Osteochondrosis Dessicans is an inflammatory condition that occurs due to the cartilage’s abnormal development, leading to its separation from the underlying bone. Although it most prominently affects the shoulder, it may be prevalent at the elbow, hip, or knee.
Symptoms of OCD
- Limping in the affected leg
- Extremely painful when the affected leg is manipulated
- Swollen or warm joint
- Treatment generally involves following a strict rest schedule, medications, supplements, and surgery if necessary.
Progressive Retinal Atrophy: Many eye infections involve the retina’s slow deterioration. In the initial phases, puppies become night-blind. As it progresses, they lose their eyesight during the daytime as well. However, most canines slowly adapt to their slight or complete sight loss as long as their home surroundings remain the same.
Epilepsy: This is the most prevalent neurological disease in canines, concerning about 0.75 percent of the population. Epilepsy is a broad name for disorders characterized by repeated, uncontrollable seizures caused by a brain defect.
Skin Problems: The continual scratching and licking paws can be worrying, but don’t blame your dog for his bad behavior; it’s because of skin allergies and diseases. Parasites, allergies, and underlying sickness can be the reasons. Symptoms of skin problems include:
- Skin Sores
- Dry Skin
- Hair Loss
Spay or Neuter: In spay, the ovaries or uterus in females is removed, and in neuter, the testicles of the male dogs are removed. It eliminates the possibility of pregnancy or fathering unwanted puppies and decreases the likelihood of certain types of cancer.
Recommended Tests for the German Shorthaired Pointer
- Hip Evaluation
- Eye Evaluation
- Elbow Evaluation
- Cone Degeneration DNA Evaluation
- Cardiac Evaluation
- Thyroid Evaluation
German Shorthaired Pointer Diet and Nutrition
German Shorthaired Pointers are high-energy dogs and would require two to three cups of high-quality dog food that is divided into two meals. Several commercial kibbles are high in proteins, but consider supplementing the kibbles with rich quality lean meat and canned dog food. Depending on his size, age, weight, and activities, consult your veterinarian and feed him the amount of food he will need. You can divide his meal time into two or three per his veterinarian’s suggestions. Here are a few nutritious suggestions for your German Shorthaired Pointer:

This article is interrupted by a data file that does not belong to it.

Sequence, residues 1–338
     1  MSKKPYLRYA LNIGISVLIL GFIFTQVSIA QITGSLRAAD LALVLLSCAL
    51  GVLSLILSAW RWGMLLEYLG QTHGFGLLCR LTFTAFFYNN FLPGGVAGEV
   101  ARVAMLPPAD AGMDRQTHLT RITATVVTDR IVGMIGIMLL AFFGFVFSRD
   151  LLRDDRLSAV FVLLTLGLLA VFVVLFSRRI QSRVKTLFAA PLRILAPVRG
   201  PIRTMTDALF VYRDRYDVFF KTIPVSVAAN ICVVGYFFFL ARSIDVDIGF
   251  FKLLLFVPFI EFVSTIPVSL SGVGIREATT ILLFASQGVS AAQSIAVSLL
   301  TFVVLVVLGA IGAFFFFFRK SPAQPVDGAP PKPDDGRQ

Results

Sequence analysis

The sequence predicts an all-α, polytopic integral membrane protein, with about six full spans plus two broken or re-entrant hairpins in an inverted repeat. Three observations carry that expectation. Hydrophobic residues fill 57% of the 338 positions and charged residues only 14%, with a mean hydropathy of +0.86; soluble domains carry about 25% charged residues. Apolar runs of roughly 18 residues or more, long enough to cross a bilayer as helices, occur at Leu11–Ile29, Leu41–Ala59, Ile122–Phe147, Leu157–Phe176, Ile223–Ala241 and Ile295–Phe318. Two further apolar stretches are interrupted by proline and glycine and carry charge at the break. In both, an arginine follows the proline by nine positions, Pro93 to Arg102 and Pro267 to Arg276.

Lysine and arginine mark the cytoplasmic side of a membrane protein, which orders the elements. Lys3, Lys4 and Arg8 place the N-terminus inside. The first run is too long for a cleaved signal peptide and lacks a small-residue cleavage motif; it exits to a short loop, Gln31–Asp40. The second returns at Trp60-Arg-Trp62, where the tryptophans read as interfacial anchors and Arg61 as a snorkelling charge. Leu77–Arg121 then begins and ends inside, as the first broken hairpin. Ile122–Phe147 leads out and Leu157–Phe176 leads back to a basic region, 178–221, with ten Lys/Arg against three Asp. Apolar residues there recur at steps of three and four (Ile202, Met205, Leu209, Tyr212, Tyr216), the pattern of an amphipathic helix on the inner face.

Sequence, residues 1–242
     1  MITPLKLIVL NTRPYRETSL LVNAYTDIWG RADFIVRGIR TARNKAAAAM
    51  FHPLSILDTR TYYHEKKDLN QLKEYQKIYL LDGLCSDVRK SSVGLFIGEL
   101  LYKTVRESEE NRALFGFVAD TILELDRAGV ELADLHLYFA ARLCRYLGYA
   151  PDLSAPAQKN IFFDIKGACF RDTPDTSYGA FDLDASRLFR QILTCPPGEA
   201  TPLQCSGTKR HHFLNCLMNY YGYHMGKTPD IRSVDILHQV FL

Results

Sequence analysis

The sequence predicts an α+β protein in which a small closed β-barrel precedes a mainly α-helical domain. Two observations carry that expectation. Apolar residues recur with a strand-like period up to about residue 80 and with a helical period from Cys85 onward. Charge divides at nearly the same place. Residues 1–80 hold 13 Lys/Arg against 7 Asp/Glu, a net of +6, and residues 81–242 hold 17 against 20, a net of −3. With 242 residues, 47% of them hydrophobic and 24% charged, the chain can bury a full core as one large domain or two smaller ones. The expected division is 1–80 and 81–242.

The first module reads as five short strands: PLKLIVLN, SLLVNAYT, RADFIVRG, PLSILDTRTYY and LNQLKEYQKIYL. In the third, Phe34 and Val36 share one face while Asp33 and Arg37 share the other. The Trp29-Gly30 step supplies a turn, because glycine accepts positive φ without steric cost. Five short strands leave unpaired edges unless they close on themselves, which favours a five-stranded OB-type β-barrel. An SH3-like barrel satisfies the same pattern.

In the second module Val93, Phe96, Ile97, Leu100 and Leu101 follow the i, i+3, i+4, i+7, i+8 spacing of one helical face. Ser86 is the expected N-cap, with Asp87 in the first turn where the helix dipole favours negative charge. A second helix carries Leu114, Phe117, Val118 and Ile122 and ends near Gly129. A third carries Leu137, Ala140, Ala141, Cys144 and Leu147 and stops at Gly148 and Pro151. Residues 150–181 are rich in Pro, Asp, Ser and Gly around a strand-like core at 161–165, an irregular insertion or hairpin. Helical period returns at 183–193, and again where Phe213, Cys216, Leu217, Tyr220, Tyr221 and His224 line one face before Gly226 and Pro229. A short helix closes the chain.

German Shorthaired Pointer Living Condition
- German Shorthaired Pointers are suitable for hot weather conditions.
- They need a lot of exercises to keep them physically and mentally stimulated.
- They are unsuitable for apartment living.
- A tall fence with a vast area can suit German Shorthaired Pointers.
- A family that affords to spend a lot of time with dogs is best suited for German Shorthaired Pointers.
- They are unsuitable for houses with small children.
Did You Know?
- Some famous personalities who own the German Shorthaired Pointers include – Tim McGraw, Bradley Cooper, and Ben Stein.
- The United States of America Air Force relies on a German Shorthaired Pointer to detect explosives.
- There is a book written on the German Shorthaired Pointers by Rick Bass named Colter: The True Story of the Best Dog I Ever Had. It is about his experience hunting and living with a German Shorthaired Pointer in Montana.
- The Westminster Kennel Club has recognized the German Shorthaired Pointers thrice as “Best In Show” in 1974, 2005, and 2016.
- The German Shorthaired Pointers are both retrievers and pointers. They can hunt on land and retrieve underwater.
- A book named Run, Rainey, Run written by sports writer Mel Wallis depicts the relationship of his German Shorthaired Pointers.
- Male GSPs are more outgoing and aggressive hunters than female dogs.
German Shorthaired Pointer Club Recognition
- German Shorthaired Pointer Club of America
- Federation Cynologique Internationale
- Westminster Kennel Club
Adding a German Shorthaired Pointer to Your Family
Adding German Shorthaired Pointers to your family will need proper research about their parent breed, cost, breeders, health, and certificates. Then, get your German Shorthaired Pointers from a reputable breeder who will provide you with vaccination and genetic testing certificates. Also, make sure to check the health of the puppy’s parent breeds.
- Mid-Atlantic German Shorthaired Pointer Rescue
- German Shorthaired Pointer Rescue
- NorCal GSP Rescue
- Wisconsin German Shorthaired Pointer Rescue, Inc.
- The California German Shorthaired Pointer Rescue
- GSP Rescue New England
- German Shorthaired Pointer Rescue Pennsylvania